let array_index = if areas.len() == 1 { 0usize } else { (rng.roll_dice(1, areas.len() as i32)-1) as usize };
            let map_idx = areas[array_index];
            spawn_points.insert(map_idx, spawn_table.roll(&mut rng));
            areas.remove(array_index);
        }
    }

    // Actually spawn the monsters
    for spawn in spawn_points.iter() {
        spawn_entity(ecs, &spawn);
    }
}
}

This is similar to the previous spawning code, but not quite the same (although the results are basically the same!). We'll go through it, just to be sure we understand what we're doing:

  1. We obtain a spawn table for the current map depth.
  2. We setup a HashMap called spawn_points, listing pairs of data (map index and name tag) for everything we've decided to spawn.
  3. We create a new Vector of areas, copied from the passed in slice. (A slice is a "view" of an array or vector). We're making a new one so we aren't modifying the parent area list. The caller might want to use that data for something else and it's good to avoid changing people's data without asking. Changing data without warning is called a "side effect" and it's good to avoid them in general (unless you actually want them).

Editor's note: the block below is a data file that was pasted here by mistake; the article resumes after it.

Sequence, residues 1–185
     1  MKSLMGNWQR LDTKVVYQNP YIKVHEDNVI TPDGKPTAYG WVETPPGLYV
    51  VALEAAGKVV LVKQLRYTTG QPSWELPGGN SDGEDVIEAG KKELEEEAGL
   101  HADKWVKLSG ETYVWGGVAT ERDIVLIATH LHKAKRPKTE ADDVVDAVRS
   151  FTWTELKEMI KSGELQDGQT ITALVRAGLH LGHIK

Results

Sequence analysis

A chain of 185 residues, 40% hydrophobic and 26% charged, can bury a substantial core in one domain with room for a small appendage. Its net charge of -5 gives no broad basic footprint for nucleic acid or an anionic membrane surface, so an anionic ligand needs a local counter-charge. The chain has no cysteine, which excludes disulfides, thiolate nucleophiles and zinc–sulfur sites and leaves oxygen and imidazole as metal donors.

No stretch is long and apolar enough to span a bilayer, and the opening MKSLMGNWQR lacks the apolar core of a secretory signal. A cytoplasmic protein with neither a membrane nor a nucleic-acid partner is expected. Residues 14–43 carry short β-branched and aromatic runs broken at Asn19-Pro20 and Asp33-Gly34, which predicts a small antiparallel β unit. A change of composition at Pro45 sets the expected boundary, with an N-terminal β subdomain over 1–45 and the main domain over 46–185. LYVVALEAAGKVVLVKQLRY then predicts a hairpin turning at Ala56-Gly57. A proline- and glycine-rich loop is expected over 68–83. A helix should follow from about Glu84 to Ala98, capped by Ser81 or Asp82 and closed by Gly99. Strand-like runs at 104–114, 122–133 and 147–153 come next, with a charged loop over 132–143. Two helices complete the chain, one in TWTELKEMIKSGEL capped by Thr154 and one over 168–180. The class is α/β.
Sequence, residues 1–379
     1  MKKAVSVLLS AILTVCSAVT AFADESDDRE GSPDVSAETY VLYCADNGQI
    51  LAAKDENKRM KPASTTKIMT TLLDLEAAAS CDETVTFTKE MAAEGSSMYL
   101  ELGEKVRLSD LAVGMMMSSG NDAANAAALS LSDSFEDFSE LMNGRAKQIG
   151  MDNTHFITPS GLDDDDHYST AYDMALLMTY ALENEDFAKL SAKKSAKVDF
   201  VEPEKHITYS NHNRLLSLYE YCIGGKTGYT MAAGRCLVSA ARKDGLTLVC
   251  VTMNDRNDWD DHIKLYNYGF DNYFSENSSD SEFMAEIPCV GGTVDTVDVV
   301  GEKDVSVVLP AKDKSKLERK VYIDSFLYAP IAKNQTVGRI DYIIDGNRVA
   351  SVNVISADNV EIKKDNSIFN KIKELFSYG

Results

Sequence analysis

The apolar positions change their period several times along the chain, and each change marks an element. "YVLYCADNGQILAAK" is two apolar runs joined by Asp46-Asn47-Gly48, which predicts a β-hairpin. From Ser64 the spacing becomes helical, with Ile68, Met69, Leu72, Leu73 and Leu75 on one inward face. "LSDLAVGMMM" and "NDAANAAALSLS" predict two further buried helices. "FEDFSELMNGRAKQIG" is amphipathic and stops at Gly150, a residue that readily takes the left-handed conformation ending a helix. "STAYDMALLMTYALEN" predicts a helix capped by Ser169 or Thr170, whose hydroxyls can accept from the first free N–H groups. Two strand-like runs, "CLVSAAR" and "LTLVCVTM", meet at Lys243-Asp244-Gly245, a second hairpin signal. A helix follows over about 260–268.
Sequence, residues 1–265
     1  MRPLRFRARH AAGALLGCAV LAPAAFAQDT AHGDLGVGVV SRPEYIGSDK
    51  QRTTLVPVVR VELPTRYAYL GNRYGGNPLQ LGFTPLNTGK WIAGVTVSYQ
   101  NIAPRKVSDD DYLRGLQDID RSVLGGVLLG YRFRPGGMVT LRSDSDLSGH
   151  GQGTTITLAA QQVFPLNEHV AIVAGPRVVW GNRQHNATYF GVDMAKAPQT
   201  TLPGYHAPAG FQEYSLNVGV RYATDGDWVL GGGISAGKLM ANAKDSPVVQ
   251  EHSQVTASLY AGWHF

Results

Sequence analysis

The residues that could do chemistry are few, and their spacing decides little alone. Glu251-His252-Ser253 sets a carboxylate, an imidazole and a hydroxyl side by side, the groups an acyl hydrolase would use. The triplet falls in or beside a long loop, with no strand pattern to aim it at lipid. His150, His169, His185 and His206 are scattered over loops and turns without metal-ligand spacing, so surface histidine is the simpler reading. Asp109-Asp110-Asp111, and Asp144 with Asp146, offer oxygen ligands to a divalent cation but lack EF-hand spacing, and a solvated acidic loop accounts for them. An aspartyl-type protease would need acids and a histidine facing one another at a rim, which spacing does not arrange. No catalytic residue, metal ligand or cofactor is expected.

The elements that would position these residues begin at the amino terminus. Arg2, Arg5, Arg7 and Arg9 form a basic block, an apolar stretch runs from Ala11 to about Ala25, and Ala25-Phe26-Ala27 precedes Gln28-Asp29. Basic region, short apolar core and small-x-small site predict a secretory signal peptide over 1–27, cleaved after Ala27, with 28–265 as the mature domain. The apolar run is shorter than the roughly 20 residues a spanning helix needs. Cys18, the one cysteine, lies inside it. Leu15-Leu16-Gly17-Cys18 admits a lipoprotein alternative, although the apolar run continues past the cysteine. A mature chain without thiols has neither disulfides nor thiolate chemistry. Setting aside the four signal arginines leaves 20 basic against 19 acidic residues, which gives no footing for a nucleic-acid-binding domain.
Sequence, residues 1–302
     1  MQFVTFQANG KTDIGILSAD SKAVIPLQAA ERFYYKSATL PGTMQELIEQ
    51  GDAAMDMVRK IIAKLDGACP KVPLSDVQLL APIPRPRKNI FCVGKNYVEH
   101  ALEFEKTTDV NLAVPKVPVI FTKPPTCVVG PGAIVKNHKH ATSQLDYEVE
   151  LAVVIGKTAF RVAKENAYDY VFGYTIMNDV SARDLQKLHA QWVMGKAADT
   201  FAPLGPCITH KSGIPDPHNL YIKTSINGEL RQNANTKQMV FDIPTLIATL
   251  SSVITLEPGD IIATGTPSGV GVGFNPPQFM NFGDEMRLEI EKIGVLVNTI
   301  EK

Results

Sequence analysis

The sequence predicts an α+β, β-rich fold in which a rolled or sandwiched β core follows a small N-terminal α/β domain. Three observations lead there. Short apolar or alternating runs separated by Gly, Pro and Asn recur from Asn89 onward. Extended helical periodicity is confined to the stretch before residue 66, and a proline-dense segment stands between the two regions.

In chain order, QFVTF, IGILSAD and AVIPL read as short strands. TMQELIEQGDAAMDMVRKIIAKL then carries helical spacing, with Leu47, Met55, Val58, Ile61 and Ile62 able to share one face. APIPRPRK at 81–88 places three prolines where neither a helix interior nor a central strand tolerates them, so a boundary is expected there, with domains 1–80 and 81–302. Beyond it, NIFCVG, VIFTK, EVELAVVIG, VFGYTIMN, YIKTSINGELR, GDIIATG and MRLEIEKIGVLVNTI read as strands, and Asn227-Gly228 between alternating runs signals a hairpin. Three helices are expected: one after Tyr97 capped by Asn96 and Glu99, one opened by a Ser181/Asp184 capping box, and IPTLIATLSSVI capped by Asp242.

4. We make a new scope, because Rust doesn't like us using the ECS to obtain the random number generator, and then using it later to spawn entities. The scope makes Rust "forget" our first borrow as soon as it ends.
  5. We obtain a random number generator from the ECS.
  6. We calculate the number of entities to spawn. This is the same random function as we used before, but we've added an i32::min call: we want the smaller of EITHER the number of available tiles, OR the random calculation. This way, we'll never try to spawn more entities than we have room for.